In the Bag: Worker at the Vernon facility of F. Gaviña & Sons.

In the Bag: Worker at the Vernon facility of F. Gaviña & Sons. Photo by Ringo Chiu.

After 140 years in the coffee business, F. Gaviña & Sons Inc. is going to start brewing.

The Vernon company, which had its origins in Cuba, has been in expansion mode. It is taking a lease on a 100,000-square-foot facility next to its existing location to expand its warehouse space and, in June, is set to open a coffee shop in downtown Los Angeles. The moves will together add as many as 45 jobs to Gaviña’s payroll of 250.

“The coffee shop has been my vision for some time, but since my family has traditionally been growers and roasters, the idea of a coffee shop didn’t really take off till the next generation came on board the company,” said Leonor Gaviña-Valls, 65, vice president of marketing and daughter of Francisco Gaviña, who started the company 50 years ago in Vernon.

Michael Gaviña, 36, the company’s purchasing director and son of Chief Executive Pedro Gaviña, Leonor’s brother, said four generations of understanding the roasting process and business will make this coffee shop special. The outpost plans to have a bakery that will serve Cuban- and Spanish-style food.

“For now, it’s one thing at a time, but in the next five to 10 years, our vision is to open more coffee shops in the Southern California region,” he said.

The expansion moves the company beyond its traditional business, selling its roast to mom-and-pop shops and corporate customers McDonald’s, Ralphs, Vons, and Costco.

That business generated $142 million in 2015 revenue, an 8.3 percent increase from the year earlier. Company representatives wouldn’t disclose 2016 revenue figures, but said it had double-digit growth.

Opening a café, even as a modest foray into a new line of business, comes as coffee consumption is on the rise.

According to a recent study by the National Coffee Association, a trade organization that’s been tracking coffee consumption for more than 60 years, the number of Americans drinking coffee on a daily basis rose to 62 percent in January, up from 57 percent year to year. One of the reasons behind the increase was rising consumer enthusiasm for gourmet coffee.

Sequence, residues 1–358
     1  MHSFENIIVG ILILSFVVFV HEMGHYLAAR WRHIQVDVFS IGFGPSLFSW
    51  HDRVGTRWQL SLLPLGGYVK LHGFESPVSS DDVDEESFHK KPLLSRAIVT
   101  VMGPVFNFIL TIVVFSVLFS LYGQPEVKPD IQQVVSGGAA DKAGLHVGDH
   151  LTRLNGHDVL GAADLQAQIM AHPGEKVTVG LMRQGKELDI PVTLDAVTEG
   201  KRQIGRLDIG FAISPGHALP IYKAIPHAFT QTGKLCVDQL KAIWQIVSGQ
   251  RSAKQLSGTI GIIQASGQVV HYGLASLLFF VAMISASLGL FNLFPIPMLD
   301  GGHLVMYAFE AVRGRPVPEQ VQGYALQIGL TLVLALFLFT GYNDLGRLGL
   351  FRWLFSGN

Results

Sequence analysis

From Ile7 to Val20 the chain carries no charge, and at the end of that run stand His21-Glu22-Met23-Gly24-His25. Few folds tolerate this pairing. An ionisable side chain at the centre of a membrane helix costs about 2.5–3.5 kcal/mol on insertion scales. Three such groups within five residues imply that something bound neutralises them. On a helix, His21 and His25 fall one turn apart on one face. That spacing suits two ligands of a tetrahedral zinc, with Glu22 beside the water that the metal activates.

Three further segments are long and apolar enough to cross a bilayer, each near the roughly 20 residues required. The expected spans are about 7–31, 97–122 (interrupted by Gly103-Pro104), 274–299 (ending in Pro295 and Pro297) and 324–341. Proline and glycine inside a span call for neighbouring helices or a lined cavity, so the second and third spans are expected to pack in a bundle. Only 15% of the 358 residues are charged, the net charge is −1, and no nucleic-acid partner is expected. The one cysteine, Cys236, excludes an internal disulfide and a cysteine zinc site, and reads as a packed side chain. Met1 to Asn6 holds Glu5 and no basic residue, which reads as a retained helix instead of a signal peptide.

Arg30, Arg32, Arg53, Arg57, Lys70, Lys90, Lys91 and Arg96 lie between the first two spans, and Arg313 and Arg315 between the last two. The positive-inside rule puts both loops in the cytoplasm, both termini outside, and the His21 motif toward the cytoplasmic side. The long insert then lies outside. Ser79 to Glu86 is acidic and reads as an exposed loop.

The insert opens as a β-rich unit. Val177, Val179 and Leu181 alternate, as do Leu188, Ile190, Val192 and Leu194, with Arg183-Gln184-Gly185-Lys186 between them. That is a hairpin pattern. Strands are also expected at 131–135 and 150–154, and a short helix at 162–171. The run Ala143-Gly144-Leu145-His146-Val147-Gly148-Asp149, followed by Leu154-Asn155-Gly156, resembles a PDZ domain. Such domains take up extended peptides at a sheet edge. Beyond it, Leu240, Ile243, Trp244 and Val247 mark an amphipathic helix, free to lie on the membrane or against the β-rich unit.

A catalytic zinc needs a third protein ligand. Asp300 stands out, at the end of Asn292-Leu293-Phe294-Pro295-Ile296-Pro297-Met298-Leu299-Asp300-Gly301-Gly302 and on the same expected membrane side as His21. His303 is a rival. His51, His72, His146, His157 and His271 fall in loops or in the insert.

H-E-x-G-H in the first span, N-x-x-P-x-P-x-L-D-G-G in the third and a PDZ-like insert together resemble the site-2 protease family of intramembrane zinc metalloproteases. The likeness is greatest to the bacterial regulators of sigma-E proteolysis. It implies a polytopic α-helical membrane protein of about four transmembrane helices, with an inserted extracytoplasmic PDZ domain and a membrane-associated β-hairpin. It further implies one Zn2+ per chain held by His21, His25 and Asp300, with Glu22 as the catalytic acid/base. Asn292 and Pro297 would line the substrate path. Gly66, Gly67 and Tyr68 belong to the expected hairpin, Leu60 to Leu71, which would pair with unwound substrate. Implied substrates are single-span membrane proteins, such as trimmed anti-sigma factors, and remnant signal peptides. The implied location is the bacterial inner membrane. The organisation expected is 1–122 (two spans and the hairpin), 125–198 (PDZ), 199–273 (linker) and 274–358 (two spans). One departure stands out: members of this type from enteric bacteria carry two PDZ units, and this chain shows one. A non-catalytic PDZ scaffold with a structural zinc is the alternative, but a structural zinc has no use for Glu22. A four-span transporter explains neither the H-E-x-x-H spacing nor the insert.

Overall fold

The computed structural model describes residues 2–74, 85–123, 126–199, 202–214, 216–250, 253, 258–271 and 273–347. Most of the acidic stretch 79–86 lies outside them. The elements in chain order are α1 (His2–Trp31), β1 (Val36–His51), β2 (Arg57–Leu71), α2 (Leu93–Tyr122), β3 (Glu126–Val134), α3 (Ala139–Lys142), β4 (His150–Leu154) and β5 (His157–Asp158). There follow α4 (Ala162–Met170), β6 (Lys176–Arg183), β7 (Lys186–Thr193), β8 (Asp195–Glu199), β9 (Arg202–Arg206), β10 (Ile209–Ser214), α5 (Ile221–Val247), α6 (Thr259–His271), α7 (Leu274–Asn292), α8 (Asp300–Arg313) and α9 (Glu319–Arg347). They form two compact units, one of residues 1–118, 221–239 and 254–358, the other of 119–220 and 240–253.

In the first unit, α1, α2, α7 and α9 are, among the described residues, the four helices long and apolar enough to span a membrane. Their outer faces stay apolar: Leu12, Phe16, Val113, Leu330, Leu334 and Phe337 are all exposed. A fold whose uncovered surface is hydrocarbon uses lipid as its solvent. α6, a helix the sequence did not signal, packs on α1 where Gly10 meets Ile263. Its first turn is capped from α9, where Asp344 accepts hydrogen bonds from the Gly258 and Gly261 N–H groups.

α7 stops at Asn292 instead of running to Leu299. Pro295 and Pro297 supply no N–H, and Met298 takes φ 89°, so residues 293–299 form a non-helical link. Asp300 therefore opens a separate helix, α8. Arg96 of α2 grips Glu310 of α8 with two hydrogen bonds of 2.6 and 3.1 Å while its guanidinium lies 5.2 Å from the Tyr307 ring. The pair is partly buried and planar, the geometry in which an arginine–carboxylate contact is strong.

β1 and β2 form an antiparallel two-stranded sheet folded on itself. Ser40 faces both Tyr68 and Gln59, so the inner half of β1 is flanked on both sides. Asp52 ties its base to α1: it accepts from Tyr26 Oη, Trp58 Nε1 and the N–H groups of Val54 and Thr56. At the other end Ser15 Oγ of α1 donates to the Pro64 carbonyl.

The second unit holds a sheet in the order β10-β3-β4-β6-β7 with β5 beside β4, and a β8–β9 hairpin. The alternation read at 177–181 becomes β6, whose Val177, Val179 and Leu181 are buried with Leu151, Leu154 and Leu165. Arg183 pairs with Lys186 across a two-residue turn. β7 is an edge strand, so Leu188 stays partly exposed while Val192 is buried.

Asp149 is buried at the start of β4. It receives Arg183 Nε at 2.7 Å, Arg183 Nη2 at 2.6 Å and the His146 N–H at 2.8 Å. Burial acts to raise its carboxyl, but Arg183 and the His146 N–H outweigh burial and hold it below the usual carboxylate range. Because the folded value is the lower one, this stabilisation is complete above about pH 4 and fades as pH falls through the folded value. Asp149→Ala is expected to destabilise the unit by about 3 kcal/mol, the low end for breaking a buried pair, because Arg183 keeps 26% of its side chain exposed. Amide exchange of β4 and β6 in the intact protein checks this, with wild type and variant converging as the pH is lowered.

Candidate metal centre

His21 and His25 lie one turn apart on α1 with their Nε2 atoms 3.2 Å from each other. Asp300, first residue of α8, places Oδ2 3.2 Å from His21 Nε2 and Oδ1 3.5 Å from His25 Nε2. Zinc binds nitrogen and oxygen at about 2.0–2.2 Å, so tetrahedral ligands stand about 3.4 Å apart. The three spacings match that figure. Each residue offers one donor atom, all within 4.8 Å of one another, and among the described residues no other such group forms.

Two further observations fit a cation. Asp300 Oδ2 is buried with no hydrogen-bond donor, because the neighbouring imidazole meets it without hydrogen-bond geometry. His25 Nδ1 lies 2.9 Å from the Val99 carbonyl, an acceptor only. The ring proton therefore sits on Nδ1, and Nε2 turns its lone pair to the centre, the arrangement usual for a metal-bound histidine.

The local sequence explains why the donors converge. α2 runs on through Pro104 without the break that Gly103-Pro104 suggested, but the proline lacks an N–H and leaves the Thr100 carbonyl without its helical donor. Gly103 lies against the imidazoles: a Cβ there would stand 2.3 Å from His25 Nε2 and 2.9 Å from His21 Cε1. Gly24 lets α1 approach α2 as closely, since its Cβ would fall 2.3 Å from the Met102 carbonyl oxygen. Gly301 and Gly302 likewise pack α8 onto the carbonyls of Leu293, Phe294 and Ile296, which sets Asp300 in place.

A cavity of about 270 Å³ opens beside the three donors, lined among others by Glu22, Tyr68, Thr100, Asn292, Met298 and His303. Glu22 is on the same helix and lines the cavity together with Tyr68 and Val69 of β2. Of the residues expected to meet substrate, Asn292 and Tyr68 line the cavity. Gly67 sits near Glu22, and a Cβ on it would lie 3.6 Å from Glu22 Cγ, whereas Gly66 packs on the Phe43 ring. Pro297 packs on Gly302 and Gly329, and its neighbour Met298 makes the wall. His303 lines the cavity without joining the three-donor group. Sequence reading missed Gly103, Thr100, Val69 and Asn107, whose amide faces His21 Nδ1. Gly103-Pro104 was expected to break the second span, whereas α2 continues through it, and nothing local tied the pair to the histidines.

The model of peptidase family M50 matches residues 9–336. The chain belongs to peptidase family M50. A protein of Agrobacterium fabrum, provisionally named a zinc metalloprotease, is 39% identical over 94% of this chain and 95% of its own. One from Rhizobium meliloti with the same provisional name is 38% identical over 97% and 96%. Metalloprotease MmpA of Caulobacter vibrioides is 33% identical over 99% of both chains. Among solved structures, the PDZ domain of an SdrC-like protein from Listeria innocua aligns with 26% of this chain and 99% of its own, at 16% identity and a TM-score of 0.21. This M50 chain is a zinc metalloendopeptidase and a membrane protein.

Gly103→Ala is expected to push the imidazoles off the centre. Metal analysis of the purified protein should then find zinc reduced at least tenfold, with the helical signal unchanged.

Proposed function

The trend fits perfectly with F. Gaviña & Sons’ vision for its coffee shop, dubbed Don Francisco’s Coffee Casa Cubana, said Lisette Gaviña-Lopez, 39, marketing director and granddaughter of Francisco Gaviña. The shop will be located at the Spring Arcade building on 541 Spring St., potentially the first of many storefronts for the company.

“We’re going to be roasting coffee in the shop, and this is our opportunity to create a space for our brand,” said Gaviña-Lopez.

According to company history related by the family, the Gaviñas started in the coffee business in 1870 in Cuba, thriving for nearly a century before fleeing to Spain, where Francisco’s parents were born, in 1960 in the wake of the revolution.

“To be free, we had to leave Cuba. That’s the reason my father left,” said Gaviña-Valls. “We stopped being coffee growers in Cuba due to communism. It wasn’t our decision.”

After three years in Spain, Francisco, who attended college in the United States, longed for the opportunity he recalled and moved the family to Miami, arriving in 1963. Establishing himself in the city’s growing Cuban community proved difficult, however, and on a trip to visit relatives in Los Angeles he found a job, which he had not been able to do in Miami. He stayed and the family joined him a few months later.

“My father worked as a busboy in restaurants, but it was his dream to get back into the coffee business. He eventually learned of an opportunity to buy a small roaster in San Diego,” said Gaviña-Valls.

In 1967, with the help of his sons and friends, he dismantled the roaster, hauled it back to Los Angeles, and installed the machine in a 1,100-square-foot space he rented in Vernon.

Today, the company is co-owned and -operated by Gaviña-Valls and her brothers, Pedro, Paco, and Jose Gaviña. The siblings have 10 children among them, eight of whom work for the business.

The company said its beans are imported primarily from Central and South America. Gaviña considers itself a regional supplier, selling three primary brands – Don Francisco’s Gourmet Coffee, Cafe La Llave Espresso, and Gaviña Gourmet Coffee.

Over the years, the company grew from small to midsize, creating buzz in 1983 when it secured McDonald’s as a client. Gaviña started by supplying coffee to 10 local franchises and then grew to include all of Southern California, eventually supplying almost the entire western division of the fast-food giant. Today, McDonald’s accounts for 20 percent of the company’s business.

Gaviña roasted 44 million pounds of coffee last year and is expecting 5 percent growth in 2017, said Gaviña-Lopez.

She said delving into a brick-and-mortar store has been something her aunt Leonor has wanted to do, and as the next generation entered the family business, the idea proved to be more plausible.

It also helps that the coffee market is seeing a trend toward specialty coffee including the ones Gaviña plans to serve at its coffee shop.

“We’re seeing a culture where coffee as a product is becoming part of daily life,” said Andrew Hetzel, a coffee policy and trade consultant at Coffee Strategies in Kamuela, Hawaii.

Hetzel is not surprised that Gaviña is opening up a retail location and said the move is a natural extension of what the company’s always been doing, adding that it shouldn’t be too worried about competition.

“The concept of saturation just doesn’t apply to this business because it’s a luxury market, a relatively elastic one where more and more people are consuming coffee and will find places to go to no matter what,” he said.

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